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Expert Analysis

Read articles, watch video analyses and hear podcasts produced by professors in the College of Humanities and Sciences on the major issues of this year's elections, as well as the political history that has shaped our present-day problems and choices.


bulletin board that says 'voting day' with stickers that read 'i voted'
What just happened? VCU alumni journalists discuss the unfolding 2020 presidential election results.
Can we ever trust polls again? Why did Biden crater among Latino voters in South Florida? And how can people know what news sources to trust?
polling place with individual voting kiosks
What to watch for on Election Day
VCU experts say early voting, voter turnout and the role of the suburbs could be key in this year’s elections.
chess board with pawns
Student debate: VCU Young Democrats versus College Republicans
On Oct. 26 VCU's Young Democrats and College Republicans faced off in a virtual debate about many of the key issues voters will consider in the 2020 election.
piggy bank with uneven stacks of coins
Comparing Biden and Trump on economic inequality
The economic impact of market restrictions prompted by the pandemic—not to mention the coronavirus’s broader toll of more than 200,000 Americans deaths and other losses from ruined health and well-being—will likely linger well into the next president’s term. In the meantime, the pandemic appears to be accelerating trends toward greater income and wealth inequality within the country.
a hand putting a ballot in a box
What to expect when you're expecting to elect a president
How likely is it that we'll know the outcome of the presidential election when we wake up on November 4th? In this video from a recent webinar, Political Science faculty at VCU say Americans should brace for uncertainty and explain a number of factors that might complicate the process of declaring a winner such as the COVID-19 pandemic, voter suppression tactics, the Electoral College and the media's corporate imperative.
civil discourse
Electoral certification
This episode of VCU’s "Civil Discourse" podcast explores the election certification process, possible problems with the process at each stage, and potential solutions.
person holding an american flag and wearing a shirt pin that reads vote
Creating a personalized voting plan
There is good scientific evidence that if young people turned out at the same rates as older citizens, American democracy would be transformed. Here's how to make your voting plan today.
stickers scattered on a floor that read 'i voted'
The right to vote: Election integrity and advocacy
Alex Keena, Ph.D., moderates a webinar discussion sponsored by the VCU Office of Alumni Relations on election integrity and advocacy efforts in the lead up to the 2020 elections. He is joined by a panel of VCU alumni involved in the protection of free and fair elections, voter registration and advocacy efforts and issues regarding voting accessibility and security.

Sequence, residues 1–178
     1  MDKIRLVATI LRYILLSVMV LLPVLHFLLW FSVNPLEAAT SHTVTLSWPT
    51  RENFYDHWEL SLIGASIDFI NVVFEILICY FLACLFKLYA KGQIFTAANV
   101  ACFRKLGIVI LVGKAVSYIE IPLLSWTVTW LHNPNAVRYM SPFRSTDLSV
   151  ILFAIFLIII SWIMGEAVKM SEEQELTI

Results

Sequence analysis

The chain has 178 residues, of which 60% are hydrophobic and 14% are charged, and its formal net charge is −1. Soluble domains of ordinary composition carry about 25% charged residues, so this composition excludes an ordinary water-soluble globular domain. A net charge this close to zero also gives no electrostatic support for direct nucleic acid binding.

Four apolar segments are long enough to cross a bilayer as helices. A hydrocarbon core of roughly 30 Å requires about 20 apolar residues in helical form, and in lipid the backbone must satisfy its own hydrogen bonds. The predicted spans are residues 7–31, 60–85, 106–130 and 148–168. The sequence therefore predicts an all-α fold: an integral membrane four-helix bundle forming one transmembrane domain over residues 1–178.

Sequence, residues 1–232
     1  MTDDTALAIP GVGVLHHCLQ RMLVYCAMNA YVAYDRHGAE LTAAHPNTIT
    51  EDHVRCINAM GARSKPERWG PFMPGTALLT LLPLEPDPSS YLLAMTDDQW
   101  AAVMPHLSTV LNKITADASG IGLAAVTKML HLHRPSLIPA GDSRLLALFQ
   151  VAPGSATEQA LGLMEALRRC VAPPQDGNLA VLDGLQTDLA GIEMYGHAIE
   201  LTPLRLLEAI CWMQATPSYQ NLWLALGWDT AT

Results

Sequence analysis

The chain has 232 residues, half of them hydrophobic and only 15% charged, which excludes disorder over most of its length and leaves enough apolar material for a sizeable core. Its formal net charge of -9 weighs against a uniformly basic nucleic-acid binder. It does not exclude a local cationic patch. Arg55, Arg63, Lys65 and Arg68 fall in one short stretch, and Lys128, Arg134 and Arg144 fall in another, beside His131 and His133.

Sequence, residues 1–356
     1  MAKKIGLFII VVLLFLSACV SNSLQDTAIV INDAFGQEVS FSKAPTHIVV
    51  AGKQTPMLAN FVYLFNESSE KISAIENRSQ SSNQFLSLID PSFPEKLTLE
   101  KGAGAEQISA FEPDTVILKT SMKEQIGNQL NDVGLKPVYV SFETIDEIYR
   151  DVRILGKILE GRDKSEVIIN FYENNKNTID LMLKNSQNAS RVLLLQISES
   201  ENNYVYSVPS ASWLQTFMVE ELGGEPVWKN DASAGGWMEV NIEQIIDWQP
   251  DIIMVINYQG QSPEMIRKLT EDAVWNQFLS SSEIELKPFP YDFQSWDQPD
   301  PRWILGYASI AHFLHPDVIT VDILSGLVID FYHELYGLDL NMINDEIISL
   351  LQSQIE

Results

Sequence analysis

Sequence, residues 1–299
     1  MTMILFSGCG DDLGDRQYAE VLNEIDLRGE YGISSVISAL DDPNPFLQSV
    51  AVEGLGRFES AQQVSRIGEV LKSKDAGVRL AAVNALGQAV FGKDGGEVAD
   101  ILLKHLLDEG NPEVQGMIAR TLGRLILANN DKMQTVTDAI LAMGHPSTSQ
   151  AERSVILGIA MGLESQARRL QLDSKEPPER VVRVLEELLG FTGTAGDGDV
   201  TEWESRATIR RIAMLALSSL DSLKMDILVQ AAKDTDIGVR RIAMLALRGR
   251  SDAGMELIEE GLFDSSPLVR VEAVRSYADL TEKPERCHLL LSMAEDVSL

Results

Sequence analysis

face mask with a u.s.a. flag pattern held against an actual u.s.a. flag
The pandemic and the presidential contenders
In this video, Judyth Twigg, Ph.D., examines the Trump administration’s response to the coronavirus pandemic, as well as Democratic presidential candidate Joe Biden’s critique of that response. Twigg also compares the Trump and Biden campaigns’ proposals for handling the COVID-19 crisis going forward.
a person looking into a crystal ball
Predicting the 2020 election
Everywhere you look there are predictions. But what do we really know?
person looking at a laptop screen that reads 'fake news' in big, bold letters
Protecting yourself from mis- and disinformation during the election campaign
Dr. Wintersieck helps voters prepare for the oceans of mis- and disinformation that will flood social media from now through Election Day.
woman with hands on hips in front of brick wall
Black women and the burden of U.S. democracy
Black women continue to occupy a unique position in American politics. Their status remains widely misunderstood and undetermined. In this article, I focus on one aspect of that problem that is often overlooked: the exceptional burden they carry in the democratic process.
the united states separated into puzzle pieces of varying colors
How gerrymandering in the states could lead to President Trump’s re-election
As we approach the 2020 presidential election, there is growing concern over the U.S. states’ ability to administer the election during the COVID-19 pandemic. The authors write that if the election result is close, and there are questions over the vote count, then state legislatures which are Republican-dominated due to partisan gerrymandering may attempt to intervene and make their own decisions on their state’s presidential electors.